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Yukon Gold Potatoes – Grown in my Garden

new potatoesIf you recall my previous post, this year I planted some Yukon Gold potatoes.

It takes several months for potatoes to fully mature, but I rather use mine when they are very young, and fresh.

Today I dug up several of these potatoes from under the growing plants, and tried to leave the little ones behind to continue to grow, but as you can see some broke away, so I picked them as well.

If you do pick some of the larger potatoes from under the potato bush, you still need to make a soil mound around the plant, as it was before, to protect the still growing remaining potatoes.

Any potatoes exposed to light will turn green, thus not suitable for consumption.  My first crop already produced at least 10 lbs of potatoes, and I still have 4 more potato plants growing.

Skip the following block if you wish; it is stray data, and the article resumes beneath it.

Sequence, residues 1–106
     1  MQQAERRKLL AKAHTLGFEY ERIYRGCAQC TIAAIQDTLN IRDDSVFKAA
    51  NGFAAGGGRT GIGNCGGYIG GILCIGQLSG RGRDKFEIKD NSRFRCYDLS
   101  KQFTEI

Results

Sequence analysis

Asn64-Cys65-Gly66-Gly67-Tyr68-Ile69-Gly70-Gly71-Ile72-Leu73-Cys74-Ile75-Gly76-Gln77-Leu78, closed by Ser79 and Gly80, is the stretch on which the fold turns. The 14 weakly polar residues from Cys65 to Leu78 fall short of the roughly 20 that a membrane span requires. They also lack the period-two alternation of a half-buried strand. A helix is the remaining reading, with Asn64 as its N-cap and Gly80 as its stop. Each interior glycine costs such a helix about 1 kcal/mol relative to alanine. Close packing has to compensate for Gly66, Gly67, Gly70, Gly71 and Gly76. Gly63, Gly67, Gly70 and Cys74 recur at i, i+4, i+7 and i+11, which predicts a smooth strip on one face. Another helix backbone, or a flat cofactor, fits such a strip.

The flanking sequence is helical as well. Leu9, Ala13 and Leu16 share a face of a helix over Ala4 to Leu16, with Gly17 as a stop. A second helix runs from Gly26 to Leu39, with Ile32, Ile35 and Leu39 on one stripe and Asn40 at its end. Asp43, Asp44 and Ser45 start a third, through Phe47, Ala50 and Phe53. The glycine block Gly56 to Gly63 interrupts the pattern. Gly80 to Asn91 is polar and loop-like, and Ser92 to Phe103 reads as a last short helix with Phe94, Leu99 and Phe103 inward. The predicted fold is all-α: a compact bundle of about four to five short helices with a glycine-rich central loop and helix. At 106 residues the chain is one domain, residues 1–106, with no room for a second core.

All this from ONE Yukon Gold potato!  Pretty good deal, wouldn’t you say?

New potatoes are so much tastier than the full grown ones, and best of all, they do not need to be peeled.

new potatoes - no peeling needed

The skin is tissue paper thin, and is easily scraped off with a paring knife (the potato juice might stain your fingers).  They also can be cooked with the skin on, and served that way, or scraped off once cooled.

New Potatoes with butter and dill

I love new potatoes, boiled, cut up into chunks, and flavored with sauteed butter and dill, with salt and pepper to taste.

My grandma would also serve homemade white cheese (resembling cottage cheese) mixed with sour cream, as a side dish with her new boiled potatoes, plus a cup of fresh buttermilk.  Simple meal, but 100% organic!

I never acquired the taste for buttermilk as a drink, however I do use it in baking and cooking.

Do you like buttermilk?

Did you ever enjoy new potatoes freshly from the garden?

Please share your thoughts, and serving ideas.

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